Recession Lexicon: New Words for a New Era

by Laura Rich on June 4, 2009 in Culture

dictionary1 150x140The world has turned truly upside down. The Dow used to be way up, now it’s down (climbing back, but still down). Your house used to be a source of pride — and value. Now it’s underwater. Job security? Forget about it. And all that shopping and spending — now, saving’s the name of the day.

As we navigate this new, sometimes foreign turf, we’re learning to speak a new language. Here are a few of the terms you’ll need to know:

n. Being dismissed from a new position before you even start. Usually because the company folds between the offer and your start date.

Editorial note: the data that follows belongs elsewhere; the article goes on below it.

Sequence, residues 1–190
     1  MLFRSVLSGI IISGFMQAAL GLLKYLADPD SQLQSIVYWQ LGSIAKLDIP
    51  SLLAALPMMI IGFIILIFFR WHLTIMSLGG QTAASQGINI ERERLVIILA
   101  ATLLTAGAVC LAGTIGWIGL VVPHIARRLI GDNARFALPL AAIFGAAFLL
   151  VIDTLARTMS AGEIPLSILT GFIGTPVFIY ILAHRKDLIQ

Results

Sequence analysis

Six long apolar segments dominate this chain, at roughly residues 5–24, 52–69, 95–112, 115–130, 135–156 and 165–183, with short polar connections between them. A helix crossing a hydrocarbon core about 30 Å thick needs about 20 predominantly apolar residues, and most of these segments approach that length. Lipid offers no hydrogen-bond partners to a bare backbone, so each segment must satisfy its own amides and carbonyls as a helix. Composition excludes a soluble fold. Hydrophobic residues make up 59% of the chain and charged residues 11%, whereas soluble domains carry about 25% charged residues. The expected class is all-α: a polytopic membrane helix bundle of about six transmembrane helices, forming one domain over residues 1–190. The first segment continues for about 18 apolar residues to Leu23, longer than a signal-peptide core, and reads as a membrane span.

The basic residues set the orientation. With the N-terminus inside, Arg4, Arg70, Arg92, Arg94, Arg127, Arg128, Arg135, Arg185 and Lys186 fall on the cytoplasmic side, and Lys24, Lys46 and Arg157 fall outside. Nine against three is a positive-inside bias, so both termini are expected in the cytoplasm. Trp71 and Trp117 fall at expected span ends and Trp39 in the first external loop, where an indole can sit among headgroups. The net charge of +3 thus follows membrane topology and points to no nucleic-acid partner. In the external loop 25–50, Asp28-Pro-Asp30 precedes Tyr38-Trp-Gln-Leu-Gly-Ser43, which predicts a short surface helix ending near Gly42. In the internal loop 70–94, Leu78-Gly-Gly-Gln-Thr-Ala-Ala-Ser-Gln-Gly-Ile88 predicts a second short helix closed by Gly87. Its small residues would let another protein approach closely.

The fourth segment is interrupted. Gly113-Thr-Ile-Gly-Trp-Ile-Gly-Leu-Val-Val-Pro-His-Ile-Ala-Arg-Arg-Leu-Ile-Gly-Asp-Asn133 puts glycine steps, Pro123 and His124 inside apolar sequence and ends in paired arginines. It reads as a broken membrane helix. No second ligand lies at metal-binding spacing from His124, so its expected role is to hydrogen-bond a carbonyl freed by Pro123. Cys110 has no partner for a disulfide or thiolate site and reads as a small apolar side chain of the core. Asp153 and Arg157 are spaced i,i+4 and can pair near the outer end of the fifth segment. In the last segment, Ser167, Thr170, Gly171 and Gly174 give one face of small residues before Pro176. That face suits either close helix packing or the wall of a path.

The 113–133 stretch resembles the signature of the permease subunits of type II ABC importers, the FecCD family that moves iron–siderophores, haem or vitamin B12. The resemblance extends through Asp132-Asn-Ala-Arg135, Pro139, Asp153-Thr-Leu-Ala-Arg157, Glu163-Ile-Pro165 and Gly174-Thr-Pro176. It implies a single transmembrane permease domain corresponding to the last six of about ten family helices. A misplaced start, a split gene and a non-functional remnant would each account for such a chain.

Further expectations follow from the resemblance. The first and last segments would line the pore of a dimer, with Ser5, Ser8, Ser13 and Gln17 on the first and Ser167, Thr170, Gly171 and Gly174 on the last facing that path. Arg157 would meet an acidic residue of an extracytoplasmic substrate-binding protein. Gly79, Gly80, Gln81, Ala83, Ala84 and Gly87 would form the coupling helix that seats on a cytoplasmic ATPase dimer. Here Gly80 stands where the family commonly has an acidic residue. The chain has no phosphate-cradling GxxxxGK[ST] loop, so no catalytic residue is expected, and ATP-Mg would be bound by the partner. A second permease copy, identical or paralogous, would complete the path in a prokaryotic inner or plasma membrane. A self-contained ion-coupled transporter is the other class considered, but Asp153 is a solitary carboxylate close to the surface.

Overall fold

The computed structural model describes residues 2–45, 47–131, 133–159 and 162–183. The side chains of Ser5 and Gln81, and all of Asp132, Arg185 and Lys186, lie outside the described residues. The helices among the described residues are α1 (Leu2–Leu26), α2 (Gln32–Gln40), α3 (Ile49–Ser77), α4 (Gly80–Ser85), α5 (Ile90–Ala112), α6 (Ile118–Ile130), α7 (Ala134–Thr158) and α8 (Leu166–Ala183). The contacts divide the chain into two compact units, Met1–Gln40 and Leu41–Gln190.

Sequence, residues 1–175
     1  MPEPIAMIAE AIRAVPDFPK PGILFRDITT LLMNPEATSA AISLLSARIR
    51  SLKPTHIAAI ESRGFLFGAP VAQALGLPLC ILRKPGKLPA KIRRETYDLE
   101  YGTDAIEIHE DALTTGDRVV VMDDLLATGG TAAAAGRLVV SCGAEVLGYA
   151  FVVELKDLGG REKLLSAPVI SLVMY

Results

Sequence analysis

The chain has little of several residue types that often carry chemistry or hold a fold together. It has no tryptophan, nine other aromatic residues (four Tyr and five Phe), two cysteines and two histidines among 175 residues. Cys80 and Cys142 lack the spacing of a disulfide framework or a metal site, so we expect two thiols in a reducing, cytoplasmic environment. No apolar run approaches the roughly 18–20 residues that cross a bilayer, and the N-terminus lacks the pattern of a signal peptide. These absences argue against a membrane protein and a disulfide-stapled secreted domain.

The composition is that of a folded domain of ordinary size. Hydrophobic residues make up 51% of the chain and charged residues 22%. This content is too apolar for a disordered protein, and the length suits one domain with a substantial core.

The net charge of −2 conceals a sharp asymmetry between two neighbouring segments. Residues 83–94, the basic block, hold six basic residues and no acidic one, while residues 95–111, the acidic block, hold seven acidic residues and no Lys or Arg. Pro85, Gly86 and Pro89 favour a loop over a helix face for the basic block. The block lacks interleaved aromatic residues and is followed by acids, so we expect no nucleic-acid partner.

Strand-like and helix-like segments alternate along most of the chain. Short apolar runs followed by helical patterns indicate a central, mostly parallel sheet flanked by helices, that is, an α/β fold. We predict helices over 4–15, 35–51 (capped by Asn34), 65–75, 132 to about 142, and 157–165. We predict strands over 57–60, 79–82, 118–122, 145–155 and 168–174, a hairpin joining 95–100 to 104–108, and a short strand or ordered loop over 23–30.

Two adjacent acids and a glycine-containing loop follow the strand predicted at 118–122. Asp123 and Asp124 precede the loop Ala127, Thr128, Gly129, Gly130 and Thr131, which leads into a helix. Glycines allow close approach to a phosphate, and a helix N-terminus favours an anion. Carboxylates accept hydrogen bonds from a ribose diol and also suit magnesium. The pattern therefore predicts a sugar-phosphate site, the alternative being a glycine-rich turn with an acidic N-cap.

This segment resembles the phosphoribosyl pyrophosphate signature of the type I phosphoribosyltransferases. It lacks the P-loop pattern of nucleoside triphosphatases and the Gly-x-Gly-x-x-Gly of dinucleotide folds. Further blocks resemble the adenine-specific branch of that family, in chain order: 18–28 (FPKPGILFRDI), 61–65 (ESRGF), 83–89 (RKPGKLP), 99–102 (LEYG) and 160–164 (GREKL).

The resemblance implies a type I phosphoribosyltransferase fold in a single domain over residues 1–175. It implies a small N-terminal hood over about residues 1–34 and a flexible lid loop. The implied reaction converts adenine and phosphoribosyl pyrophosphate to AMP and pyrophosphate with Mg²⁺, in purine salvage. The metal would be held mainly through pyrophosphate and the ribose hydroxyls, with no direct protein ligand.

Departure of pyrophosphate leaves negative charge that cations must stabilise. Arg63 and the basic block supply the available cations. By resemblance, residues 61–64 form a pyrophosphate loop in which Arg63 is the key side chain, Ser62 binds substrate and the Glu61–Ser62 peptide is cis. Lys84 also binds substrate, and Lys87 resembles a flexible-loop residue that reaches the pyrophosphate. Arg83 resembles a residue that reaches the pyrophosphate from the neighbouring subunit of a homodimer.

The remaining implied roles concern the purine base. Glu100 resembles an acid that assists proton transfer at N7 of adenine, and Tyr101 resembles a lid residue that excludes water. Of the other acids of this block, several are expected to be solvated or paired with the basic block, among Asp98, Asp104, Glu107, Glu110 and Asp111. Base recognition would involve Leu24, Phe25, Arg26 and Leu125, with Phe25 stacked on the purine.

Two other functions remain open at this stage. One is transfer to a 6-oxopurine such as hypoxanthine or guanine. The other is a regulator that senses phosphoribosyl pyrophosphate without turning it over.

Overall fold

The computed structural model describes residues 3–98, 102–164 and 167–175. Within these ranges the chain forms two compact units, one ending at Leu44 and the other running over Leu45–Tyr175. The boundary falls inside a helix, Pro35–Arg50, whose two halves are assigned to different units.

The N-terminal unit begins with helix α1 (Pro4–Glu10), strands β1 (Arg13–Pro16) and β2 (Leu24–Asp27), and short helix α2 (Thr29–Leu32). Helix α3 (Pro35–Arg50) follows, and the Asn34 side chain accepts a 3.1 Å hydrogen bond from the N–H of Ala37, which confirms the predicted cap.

n. The dire forecasts, depressing warnings, and otherwise gloomy chatter that’s still brewing beneath the recent round of cheerier economic predictions.

n. A particularly cold-blooded method of laying off employees, such as breaking the news on a company blog, leaving a note in an employee’s chair, dispatching a mass email, or sending a certified letter to a worker’s home that says, “Do not come back to the office.”

n. One who eats locally grown or produced food, a brokavore is “an obsessively cheap but highly discerning eater.”

Recession Roadkill
n. The laid-off, the unemployed, and those generally getting run over by the merciless wheels of the economy.

More words in the Recession Lexicon here, including how to say “recession” around the world.

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